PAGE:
"It is all very well to talk of empowering OBCs. But in Telangana, it will be hard to deny Revanth Reddy the chief ministership. He is not an OBC. Nor is (Sukhvinder) Sukhu, our chief minister in Himachal Pradesh. We say OBCs are the most numerous so they must have an equal share in power. But in two states out of three run by us, non-OBCs are chief ministers. With what face should we advise other parties to adopt this?" asks a former chief minister from the party.

These results will also force new equations among alliance partners and the viability of tie-ups in the alliance.

For instance, in Telangana, in constituencies that have a large Muslim population, the result suggests a shift in Muslim voting preference from the Bharat Rashtra Samithi to the Congress. In fact, many experts and close observers of politics in Telangana like former state irrigation secretary, A N Das, believe this election saw a tactical shift in Muslim voting in favour of the Congress which contributed to the BRS's resounding defeat.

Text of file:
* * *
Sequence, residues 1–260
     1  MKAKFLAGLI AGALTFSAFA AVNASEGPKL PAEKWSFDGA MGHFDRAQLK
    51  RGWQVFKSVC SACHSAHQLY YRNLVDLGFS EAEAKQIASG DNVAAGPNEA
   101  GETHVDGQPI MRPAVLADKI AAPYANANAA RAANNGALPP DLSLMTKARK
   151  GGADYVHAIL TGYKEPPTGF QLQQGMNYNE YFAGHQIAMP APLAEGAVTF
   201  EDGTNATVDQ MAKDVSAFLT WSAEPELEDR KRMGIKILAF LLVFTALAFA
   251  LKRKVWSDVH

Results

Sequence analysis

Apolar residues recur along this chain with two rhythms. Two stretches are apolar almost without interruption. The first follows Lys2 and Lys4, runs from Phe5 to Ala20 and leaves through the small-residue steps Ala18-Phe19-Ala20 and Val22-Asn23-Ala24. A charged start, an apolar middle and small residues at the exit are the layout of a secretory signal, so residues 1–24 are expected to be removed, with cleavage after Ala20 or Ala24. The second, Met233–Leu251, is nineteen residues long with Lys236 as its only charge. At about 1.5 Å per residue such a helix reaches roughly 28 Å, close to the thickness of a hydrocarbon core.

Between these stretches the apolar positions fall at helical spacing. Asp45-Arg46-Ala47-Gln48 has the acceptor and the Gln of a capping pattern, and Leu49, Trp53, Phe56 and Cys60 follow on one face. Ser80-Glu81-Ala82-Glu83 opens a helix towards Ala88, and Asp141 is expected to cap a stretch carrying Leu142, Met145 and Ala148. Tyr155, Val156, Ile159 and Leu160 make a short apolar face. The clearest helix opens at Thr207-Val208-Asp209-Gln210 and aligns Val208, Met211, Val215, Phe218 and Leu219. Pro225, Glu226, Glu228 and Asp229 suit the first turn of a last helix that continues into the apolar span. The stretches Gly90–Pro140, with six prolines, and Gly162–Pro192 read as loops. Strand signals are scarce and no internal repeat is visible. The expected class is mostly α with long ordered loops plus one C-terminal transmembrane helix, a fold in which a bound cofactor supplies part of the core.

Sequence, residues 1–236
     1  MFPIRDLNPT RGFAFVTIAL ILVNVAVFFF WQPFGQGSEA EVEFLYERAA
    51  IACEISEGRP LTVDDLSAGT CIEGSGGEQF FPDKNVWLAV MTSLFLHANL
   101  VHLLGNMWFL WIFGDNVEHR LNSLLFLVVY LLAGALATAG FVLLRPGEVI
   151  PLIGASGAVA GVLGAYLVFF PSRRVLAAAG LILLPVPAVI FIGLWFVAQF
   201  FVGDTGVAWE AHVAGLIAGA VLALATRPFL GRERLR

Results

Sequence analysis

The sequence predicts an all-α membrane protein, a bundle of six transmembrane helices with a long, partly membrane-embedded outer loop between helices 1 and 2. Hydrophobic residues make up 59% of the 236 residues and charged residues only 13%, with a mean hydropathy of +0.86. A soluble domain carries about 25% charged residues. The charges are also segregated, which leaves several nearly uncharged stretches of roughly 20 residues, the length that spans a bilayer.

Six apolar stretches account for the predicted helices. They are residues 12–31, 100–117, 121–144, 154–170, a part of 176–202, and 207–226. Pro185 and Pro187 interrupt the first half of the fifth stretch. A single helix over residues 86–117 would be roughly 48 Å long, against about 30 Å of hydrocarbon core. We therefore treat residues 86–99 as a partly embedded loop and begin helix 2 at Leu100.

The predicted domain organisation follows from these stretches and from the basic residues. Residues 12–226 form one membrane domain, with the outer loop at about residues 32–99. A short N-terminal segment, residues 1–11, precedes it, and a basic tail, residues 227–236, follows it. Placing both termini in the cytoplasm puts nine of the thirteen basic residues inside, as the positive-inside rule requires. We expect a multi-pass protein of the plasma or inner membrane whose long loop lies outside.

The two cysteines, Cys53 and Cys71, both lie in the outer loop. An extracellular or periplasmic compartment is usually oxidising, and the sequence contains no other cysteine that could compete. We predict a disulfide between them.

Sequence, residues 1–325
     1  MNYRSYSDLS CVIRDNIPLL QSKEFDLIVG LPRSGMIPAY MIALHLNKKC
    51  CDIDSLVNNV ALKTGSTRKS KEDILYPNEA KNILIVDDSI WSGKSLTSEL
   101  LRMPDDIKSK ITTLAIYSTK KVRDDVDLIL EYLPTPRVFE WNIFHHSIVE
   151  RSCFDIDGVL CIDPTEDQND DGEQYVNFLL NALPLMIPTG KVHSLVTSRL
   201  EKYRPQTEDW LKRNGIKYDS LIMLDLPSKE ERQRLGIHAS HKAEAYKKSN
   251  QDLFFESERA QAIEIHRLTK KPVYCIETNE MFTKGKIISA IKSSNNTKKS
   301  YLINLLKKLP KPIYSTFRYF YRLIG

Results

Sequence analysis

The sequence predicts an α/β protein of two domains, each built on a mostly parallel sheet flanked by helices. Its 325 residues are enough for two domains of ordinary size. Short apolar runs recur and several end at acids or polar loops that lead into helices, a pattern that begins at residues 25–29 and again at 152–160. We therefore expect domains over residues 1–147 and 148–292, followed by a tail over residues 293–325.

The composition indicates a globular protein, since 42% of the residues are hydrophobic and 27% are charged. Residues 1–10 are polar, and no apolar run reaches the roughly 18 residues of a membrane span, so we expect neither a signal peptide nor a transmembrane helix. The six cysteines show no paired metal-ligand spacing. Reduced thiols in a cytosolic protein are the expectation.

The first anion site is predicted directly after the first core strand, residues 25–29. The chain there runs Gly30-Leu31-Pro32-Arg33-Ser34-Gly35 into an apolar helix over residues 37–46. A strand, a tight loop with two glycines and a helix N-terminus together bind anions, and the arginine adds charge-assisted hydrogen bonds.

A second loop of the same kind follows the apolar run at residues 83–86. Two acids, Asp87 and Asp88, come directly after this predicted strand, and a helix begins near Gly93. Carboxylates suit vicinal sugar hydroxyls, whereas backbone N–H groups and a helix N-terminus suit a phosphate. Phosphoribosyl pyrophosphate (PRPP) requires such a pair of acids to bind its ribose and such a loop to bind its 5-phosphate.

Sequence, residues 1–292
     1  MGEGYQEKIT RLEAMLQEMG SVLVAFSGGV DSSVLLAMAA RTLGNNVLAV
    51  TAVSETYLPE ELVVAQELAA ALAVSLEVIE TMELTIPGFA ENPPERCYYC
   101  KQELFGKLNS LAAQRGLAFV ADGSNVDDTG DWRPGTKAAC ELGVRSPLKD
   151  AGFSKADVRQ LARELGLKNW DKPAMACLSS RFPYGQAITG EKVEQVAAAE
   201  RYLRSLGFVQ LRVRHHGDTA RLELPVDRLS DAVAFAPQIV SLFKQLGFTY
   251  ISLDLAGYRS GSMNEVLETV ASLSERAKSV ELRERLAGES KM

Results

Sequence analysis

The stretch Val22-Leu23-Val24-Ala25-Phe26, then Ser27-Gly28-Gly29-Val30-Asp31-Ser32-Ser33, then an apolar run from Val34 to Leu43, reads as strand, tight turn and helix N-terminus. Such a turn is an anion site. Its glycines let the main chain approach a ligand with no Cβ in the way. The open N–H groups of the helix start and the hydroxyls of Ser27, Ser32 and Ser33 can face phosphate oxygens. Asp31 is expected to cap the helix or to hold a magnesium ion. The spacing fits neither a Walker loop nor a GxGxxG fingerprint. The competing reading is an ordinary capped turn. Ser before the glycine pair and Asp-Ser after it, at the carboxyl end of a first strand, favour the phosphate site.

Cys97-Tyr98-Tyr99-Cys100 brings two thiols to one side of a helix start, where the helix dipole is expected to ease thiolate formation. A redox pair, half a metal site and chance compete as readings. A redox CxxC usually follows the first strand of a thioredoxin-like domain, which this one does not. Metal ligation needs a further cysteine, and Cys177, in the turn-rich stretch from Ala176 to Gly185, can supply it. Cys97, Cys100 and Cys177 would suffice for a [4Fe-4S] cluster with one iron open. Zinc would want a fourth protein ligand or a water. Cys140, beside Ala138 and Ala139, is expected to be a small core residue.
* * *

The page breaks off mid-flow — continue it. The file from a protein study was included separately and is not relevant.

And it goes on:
This has two implications: For the Congress-BRS relations in the INDIA bloc, which the BRS was reluctant to join anyway; and the Congress attitude to minority issues, which for many in the Congress, is problematic.

"If this Telangana victory is going to make us adopt a certain stance vis a vis the minorities, it could be complicated," said an MP from the party.

Observers from the Congress feel the party's 'soft Hindutva' in Madhya Pradesh had no impact. "But in Chhattisgarh, the BJP's Ram Mandir campaign did hurt us," says the former CM.

With parties like Lalu Prasad's Rashtriya Janata Dal seeking a stronger pro-minority tilt and the Trinamool Congress still undecided on its view, INDIA may see extensive discussion on the issue. But a review of the stance may become unavoidable.

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Aditi Phadnis in New Delhi
Source: source